• Brown JW “Toxic megacolon associated with loperamide therapy.” JAMA 241 : 501-2
  • Pathophysiology Of Ulcerative Colitis

    Ulcerative colitis usually begins in the rectum. It may remain localized to the rectum or extend proximally, sometimes involving the entire colon. Rarely, it involves most of the large bowel at once.

    The inflammation caused by ulcerative colitis affects the mucosa and submucosa, and there is a sharp border between normal and affected tissue. Only in severe disease is the muscularis involved. Early in the disease, the mucous membrane is erythematous, finely granular, and friable, with loss of the normal vascular pattern and often with scattered hemorrhagic areas. Large mucosal ulcers with copious purulent exudate characterize severe disease. Islands of relatively normal or hyperplastic inflammatory mucosa project above areas of ulcerated mucosa. Fistulas and abscesses do not occur.

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    What Are Dosages Of Loperamide

    Adult and pediatric dosage

    Acute Diarrhea

    Adult dosage

    • 4 mg initially, then 2 mg after each loose stool not to exceed 16 mg/day discontinue if no improvement seen within 48 hours

    Pediatric dosage

    • 2-6 years : 1 mg every 8 hours orally
    • 6-8 years : 2 mg every 12 hours orally
    • 8-12 years : 2 mg every 8 hours orally

    Second & Subsequent Doses

    • 0.1 mg/kg orally after each loose stool not to exceed the dose recommended for first 24 hours

    Chronic Diarrhea

    Adult dosage

    • 4 mg initially, then 2 mg after each loose stool until controlled, and then 4-8 mg/day in divided doses

    Pediatric dosage

    • 0.08-0.24 mg/kg/day orally divided every 12 hours

    Travelers Diarrhea

    Adult dosage

    • 4 mg after first loose stool, then 2 mg after each subsequent stool not to exceed 8 mg/day

    Pediatric dosage

    • Children younger than 6 years of age: Safety and efficacy not established
    • Children 6-8 years: 2 mg after first loose stool, then 1 mg after each subsequent stool not to exceed 4 mg/day
    • Children 8-12 years: 2 mg after first loose stool, then 1 mg after each subsequent stool not to exceed 6 mg/day
    • Children 12 years or older: 4 mg after first loose stool, then 2 mg after each subsequent stool not to exceed 8 mg/day

    Dosage Considerations Should be Given as Follows:

    • See Dosages.

    Managing Ulcerative Colitis Flares: The Most Important Step

    Toxic Megacolon: Signs, Symptoms & Treatment|Stomach Pain, Diarrhea-Dr. Ravindra BS| Doctors’ Circle

    The key to managing an ulcerative colitis flare is to get a confirmed diagnosis and begin treatment as soon as possible. But doing so can be tricky, because people with the condition may attribute their symptoms to other GI problems, says Oriana Mazorra Damas, MD, an assistant professor of gastroenterology at the University of Miami Miller School of Medicine in Miami.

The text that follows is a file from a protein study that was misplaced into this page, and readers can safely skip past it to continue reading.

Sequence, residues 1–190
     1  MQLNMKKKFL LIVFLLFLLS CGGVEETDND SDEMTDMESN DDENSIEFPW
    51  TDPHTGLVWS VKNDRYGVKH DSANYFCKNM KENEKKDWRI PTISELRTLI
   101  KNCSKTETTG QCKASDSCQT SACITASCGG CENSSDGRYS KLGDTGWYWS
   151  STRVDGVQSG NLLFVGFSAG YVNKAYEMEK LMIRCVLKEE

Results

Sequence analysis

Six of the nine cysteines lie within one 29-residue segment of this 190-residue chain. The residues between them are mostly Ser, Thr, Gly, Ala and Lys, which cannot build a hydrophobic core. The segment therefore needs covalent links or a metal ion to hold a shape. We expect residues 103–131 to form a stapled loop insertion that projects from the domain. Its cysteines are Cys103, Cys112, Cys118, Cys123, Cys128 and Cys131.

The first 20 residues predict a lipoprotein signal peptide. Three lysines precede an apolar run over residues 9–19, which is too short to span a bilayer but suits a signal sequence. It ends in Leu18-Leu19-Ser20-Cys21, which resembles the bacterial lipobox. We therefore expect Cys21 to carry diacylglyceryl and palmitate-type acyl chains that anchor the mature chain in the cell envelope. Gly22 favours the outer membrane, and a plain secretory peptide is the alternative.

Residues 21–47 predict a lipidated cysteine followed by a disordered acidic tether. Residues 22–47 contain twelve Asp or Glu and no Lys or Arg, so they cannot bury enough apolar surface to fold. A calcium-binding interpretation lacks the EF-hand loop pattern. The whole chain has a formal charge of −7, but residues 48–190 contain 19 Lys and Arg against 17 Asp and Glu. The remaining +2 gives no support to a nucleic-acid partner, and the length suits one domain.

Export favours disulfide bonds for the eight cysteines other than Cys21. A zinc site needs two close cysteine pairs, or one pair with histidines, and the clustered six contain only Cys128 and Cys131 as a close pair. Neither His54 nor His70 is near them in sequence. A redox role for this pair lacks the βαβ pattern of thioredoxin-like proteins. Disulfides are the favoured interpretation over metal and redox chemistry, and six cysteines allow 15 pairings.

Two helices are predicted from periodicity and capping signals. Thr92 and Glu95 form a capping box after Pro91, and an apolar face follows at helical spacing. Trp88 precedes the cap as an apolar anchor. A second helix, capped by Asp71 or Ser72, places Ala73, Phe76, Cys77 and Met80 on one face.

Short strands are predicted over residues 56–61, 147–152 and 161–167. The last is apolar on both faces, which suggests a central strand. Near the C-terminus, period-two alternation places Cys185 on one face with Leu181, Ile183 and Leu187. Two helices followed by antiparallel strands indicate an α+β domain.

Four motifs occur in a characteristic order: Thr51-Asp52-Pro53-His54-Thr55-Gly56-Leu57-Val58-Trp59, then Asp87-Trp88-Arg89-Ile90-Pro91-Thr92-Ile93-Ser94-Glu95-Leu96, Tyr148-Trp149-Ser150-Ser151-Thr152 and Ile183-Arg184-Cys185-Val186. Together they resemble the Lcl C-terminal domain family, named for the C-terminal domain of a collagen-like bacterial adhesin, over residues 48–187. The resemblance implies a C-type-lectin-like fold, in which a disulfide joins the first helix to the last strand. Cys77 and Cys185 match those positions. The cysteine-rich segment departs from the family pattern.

The goal for remission is to feel well enough that you forget that you have the condition for most of the day in other words, you experience few, if any, symptoms, Dr. Damas explains.

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    Strategies For The Care Of Adults Hospitalized For Active Ulcerative Colitis

    • Suresh PolaAffiliationsInflammatory Bowel Disease Center, Division of Gastroenterology, University of California San Diego Health System, La Jolla, California
    • Derek PatelCorrespondenceReprint requests Address requests for reprints to: Derek R. Patel, MD, Division of Gastroenterology, University of California San Diego Health System, 200 W Arbor Drive, MC 8413, San Diego, California 92103-8413. fax: 543-7731AffiliationsInflammatory Bowel Disease Center, Division of Gastroenterology, University of California San Diego Health System, La Jolla, California
    • Jesus RiveraNievesAffiliationsInflammatory Bowel Disease Center, Division of Gastroenterology, University of California San Diego Health System, La Jolla, CaliforniaVA San Diego Healthcare System, San Diego, California
    • John T. ChangAffiliationsInflammatory Bowel Disease Center, Division of Gastroenterology, University of California San Diego Health System, La Jolla, CaliforniaVA San Diego Healthcare System, San Diego, California
    • Elisabeth EvansAffiliationsInflammatory Bowel Disease Center, Division of Gastroenterology, University of California San Diego Health System, La Jolla, California
    • Michael DochertyAffiliationsInflammatory Bowel Disease Center, Division of Gastroenterology, University of California San Diego Health System, La Jolla, California
    • William J. SandbornAffiliationsInflammatory Bowel Disease Center, Division of Gastroenterology, University of California San Diego Health System, La Jolla, California

    Which Factors Increase The Risk For Toxic Megacolon

    Often, triggering or predisposing factors can be identified. Signs and symptoms of acute colitis may be present for as long as 1 week before dilatation develops. Although the risk of toxic megacolon increases with the severity of the colitis, rapid tapering or abrupt discontinuation of medications such as steroids, sulfasalazine, and 5-aminosalicylic acid may precipitate toxemia and dilatation.